- 5.9fps burst shooting (approx. 4.6 with AF)
- 250-shot battery life (355 in Eco mode)
- Intelligent IS
Thanks to the DIGIC 6 processor on board – not quite the latest version, but not so old that it matters too much – the Canon PowerShot SX730 HS is generally responsive in use.
The camera takes just over a second to fully be ready for action when powered up, which is about right when you consider how far the lens needs to extend to its default wide-angle position, and powering down happens in roughly the same time. You can, however, also turn it on slightly faster to browse images by simply pressing the play button, which leaves the lens stowed inside the body, while the control dial on the back enables you to scroll through images briskly.
When set to burst shooting the PowerShot SX730 HS perseveres at its 5.9fps maximum frame rate for around seven to eight frames before slowing. The inclusion of Canon’s more recent DIGIC 7 processor would no doubt help here, but it’s possible the company doesn't see a demand for such performance among its target audience.
Although the card you use will affect processing times, with a fast card in place images are whisked off to it in very good time, with a burst of 16 or 17 frames dealt with in just a couple of seconds – although the fact that the camera doesn’t record raw images means we should expect this to be the case.
The LCD display isn't the brightest at its default settings, but you can easily adjust this via the menus. In good light it does a decent job of presenting scenes accurately, but it does lacks the bite of some screens we're seeing elsewhere, particularly in low light, where noise takes over and contrast dips.
Canon reckons you can get around 250 shots on a full charge of the PowerShot SX730 HS's battery, or up to 355 when it's set to the Eco mode. Conveniently, you can juice up the battery through the USB port, which removes the need to carry a charger around with you, although Canon has unhelpfully chosen not to provide a USB cable in the box.
- 1cm Macro mode
- MyColors options
On the whole, image quality from the Canon PowerShot SX730 HS is very good. Exposures are largely accurate, with a decent balance between shadows, midtones and highlights in most conditions, although highlights often blow their details early.
It’s a shame there don’t appear to be any controls on offer for balancing highlights; the closest thing to this is the iContrast setting, although this only has an effect on bringing up shadow detail, which means you can potentially use this in conjunction with slight underexposure where required.
Canon’s MyColors setting, which provides options such as Vivid, Neutral, and Black & White, is an optional feature, and the default setting is to have this deactivated. This mode, in conjunction with a slightly neutral Auto White balance system, produces colors are largely accurate but perhaps a little undersaturated, so you may wish to use a MyColors option, or adjust Auto White Balance, (or both) in order to capture images ready for immediate use.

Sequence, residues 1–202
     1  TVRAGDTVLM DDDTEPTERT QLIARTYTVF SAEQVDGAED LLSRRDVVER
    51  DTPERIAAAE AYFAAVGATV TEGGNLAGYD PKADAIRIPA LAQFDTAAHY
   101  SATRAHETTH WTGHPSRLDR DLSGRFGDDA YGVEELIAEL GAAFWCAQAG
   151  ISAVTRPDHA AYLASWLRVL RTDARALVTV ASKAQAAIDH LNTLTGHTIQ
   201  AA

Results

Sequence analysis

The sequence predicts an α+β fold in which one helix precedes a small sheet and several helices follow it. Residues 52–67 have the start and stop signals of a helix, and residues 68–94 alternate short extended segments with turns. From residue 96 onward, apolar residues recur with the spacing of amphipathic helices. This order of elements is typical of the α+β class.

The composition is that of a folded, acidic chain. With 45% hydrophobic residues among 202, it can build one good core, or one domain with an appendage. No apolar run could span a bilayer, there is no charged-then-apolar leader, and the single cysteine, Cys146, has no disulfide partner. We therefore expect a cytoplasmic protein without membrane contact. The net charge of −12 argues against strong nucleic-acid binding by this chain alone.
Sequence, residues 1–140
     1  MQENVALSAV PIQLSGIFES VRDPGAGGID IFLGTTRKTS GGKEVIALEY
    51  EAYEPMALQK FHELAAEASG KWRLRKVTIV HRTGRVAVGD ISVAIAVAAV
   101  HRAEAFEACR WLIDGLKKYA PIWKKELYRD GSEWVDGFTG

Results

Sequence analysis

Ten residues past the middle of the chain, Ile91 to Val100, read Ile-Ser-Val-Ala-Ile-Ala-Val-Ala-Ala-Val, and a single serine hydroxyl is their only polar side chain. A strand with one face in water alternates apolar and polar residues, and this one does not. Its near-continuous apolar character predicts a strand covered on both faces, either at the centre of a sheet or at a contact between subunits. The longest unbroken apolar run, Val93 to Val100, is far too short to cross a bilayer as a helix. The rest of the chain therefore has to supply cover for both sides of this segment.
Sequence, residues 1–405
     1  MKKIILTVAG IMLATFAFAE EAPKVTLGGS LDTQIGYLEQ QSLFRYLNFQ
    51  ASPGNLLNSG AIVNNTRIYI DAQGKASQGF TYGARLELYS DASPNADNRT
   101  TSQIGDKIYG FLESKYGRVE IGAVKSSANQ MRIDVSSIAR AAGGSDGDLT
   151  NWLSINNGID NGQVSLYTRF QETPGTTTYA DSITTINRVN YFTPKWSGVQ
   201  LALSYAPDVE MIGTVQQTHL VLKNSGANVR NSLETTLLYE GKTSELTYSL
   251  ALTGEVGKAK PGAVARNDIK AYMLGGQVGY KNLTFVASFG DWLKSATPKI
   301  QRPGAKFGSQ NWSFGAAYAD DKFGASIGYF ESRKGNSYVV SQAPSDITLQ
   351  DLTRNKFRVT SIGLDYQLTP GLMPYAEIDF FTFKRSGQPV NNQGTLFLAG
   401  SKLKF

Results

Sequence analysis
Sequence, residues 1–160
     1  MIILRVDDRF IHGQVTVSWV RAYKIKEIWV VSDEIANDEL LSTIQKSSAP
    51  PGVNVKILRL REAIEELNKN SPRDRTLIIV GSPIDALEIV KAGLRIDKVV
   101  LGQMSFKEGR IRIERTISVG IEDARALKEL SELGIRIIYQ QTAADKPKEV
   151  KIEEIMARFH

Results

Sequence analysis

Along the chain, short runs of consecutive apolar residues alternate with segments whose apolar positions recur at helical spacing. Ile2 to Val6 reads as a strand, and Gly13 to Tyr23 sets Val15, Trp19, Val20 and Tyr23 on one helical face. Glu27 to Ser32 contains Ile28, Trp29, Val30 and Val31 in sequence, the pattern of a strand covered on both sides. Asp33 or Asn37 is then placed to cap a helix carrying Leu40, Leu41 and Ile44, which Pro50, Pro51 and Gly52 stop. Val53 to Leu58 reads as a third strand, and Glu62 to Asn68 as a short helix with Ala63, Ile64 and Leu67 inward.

The Vivid MyColors option is a perfect fit for foliage and nature, and the fact that is has a noticeable effect on saturation without making colors in any way garish means you can successfully use it elsewhere too.
The effectiveness of the PowerShot SX730 HS’s image stabilization system is clear to see when you're composing images, and reviewing images later shows it to have a positive effect on sharpness. It’s worth taking a few extra insurance shots when composing images at the telephoto end of the lens, though, as the camera can be a little inconsistent here.
Image quality is generally strong within the central focal ranges; as with other cameras of this type, slight graininess and softness from noise and noise reduction can compromise details at the telephoto end, with chromatic aberrations and slight corner softness visible here too.
Unlike its Panasonic rivals, one thing the Canon PowerShot SX730 HS doesn't offer is raw shooting. On a camera of this kind this isn't unusual, and it's far from essential, as there's only so much that can be gained from raw images originating from such a small sensor. Some people would no doubt like the option to shoot raw, but to Canon’s credit you can at least adjust the MyColors options post-capture and re-save images, as well as tweak i-Contrast, and crop and rotate images among other things.
Video and audio quality are decidedly average overall, although if you stick to good light and the 60p option you may be happy – if not you’ll find that details just aren't as crisp as expected. The fact that you can have excellent 4K video recording for less on other models really shows Canon up here.